If so, the Earth would be propelled out of its orbit like a sputtering and spiraling rocket to the frozen edge of the solar system or, otherwise, into a nosedive toward the Sun. The gravitational disturbance would unhinge the orbits of other planets. Spinning wildly out of control, Earth could collide with another gyrating planet or be pummeled by a horde of asteroids.
Ashes to ashes, dust to dust: The violent destruction of our planet will hardly amount to a footnote since nobody will survive to record the event. On a cosmic scale, human history is a tiny and brief experiment in evolution that has gone awry, adding up to nothing more than a blip in an inconsequential solar system.
Prophecy of How It Ends
This scenario of our home planet becoming engulfed by molten iron is, by strange coincidence, predicted in Buddhist prophecy as the last stage of âmappoâ, the historical process of moral degradation of humanity. In their shabby defense of a malignant nuclear industry, the political-industrial oligarchy is bringing about this end-of-world prospect.
The annihilation of our species, along with all life on Earth, is manâs death wish writ large and his last achievement. Prodigal man has proven himself to be a sworn enemy of God the Father and Mother Nature. Thou shalt kill thy father and mother, demand our global leaders, their regional henchmen and media minions as if they too will not be killed.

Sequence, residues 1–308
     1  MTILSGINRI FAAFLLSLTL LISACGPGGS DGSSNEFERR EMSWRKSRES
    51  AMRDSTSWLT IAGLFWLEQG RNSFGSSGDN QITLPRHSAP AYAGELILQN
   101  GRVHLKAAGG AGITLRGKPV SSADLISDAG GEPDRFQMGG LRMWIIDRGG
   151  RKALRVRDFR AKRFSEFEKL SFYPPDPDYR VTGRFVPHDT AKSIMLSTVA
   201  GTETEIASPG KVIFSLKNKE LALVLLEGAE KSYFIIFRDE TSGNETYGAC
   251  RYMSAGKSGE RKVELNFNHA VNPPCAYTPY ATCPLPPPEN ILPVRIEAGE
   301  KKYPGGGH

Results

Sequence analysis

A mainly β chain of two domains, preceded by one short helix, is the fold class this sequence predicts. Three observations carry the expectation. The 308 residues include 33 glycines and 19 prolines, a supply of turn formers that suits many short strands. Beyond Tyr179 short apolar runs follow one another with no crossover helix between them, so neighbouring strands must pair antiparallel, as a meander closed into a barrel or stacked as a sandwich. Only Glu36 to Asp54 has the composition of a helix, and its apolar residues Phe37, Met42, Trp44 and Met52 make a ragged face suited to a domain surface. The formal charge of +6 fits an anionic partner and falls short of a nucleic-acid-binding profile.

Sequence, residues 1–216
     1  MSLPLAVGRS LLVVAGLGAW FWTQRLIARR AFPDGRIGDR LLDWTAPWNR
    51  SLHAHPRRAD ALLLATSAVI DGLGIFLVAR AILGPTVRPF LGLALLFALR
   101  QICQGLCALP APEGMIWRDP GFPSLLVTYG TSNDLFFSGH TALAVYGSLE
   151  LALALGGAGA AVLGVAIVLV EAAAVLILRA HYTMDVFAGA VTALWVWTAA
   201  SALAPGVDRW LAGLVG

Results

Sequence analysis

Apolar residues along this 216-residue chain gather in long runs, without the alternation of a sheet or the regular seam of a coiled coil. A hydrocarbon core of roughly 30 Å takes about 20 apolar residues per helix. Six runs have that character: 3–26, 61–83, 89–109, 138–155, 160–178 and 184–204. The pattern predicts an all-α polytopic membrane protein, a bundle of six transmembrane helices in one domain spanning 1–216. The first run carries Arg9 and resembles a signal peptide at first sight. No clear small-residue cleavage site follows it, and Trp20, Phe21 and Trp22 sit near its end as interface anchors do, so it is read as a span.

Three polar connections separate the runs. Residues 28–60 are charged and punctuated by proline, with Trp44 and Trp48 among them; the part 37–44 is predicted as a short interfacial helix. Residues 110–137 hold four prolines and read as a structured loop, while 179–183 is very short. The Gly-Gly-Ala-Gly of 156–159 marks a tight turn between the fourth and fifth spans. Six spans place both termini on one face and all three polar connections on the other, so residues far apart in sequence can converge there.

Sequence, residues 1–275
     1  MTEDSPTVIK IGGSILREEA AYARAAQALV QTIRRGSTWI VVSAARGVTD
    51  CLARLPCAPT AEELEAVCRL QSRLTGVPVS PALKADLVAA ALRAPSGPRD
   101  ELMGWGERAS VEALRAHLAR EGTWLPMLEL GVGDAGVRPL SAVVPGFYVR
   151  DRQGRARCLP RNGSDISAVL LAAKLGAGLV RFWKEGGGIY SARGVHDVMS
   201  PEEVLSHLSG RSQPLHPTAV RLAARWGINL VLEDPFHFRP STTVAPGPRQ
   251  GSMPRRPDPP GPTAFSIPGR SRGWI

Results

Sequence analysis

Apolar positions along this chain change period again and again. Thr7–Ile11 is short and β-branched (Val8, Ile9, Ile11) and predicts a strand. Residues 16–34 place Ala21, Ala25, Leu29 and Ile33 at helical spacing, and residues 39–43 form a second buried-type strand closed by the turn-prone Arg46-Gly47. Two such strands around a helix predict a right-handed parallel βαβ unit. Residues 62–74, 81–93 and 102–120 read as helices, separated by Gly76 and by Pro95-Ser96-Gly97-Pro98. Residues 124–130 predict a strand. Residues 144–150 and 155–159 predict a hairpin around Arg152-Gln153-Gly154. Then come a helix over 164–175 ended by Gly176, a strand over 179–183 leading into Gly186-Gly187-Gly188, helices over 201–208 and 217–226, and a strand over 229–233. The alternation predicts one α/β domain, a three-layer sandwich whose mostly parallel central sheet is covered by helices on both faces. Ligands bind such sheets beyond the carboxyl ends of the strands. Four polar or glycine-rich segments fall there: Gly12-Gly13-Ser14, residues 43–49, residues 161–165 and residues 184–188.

From either a Judeo-Christian or Buddhist philosophical perspective, the global oligarchs are genocidal criminals, damned in this life and for eternity. Human responsibility, however, means that punishment must not be left to fate. Stern action is required against these diabolical madmen until the last millisecond of the final hour.
Can Criminal Stupidity Be Stopped?
My spirit grows weary of repeating the same formula to the pack of evil morons known as energy executives, nuclear engineers, government bureaucrats and politicians. But here we go again, preaching to the wicked.
The underground corium pockets can be detected by radiation scanners and with blast tomography, which reveals the locations of larger concentrations. Next, steam-injection pumps used at near-exhausted oil fields should be deployed to pump borax solution into those pockets. Borax unlike boric acid, crystallizes in solution, thereby partitioning the underground spaces with neutron-absorbing barriers. Subdivided into smaller cysts, the fissile materials will be deprived of critical mass.
It is guaranteed by the sheer inertia of stupidity and greed that none of this will be carried out. So when push comes to shove, my friends, be sure to push them into the Inferno first before itâs your turn to leap into the fire."
Yoichi Shimatsu, a Hong Kong-based science writer, is former editor of the Japan Times Weekly.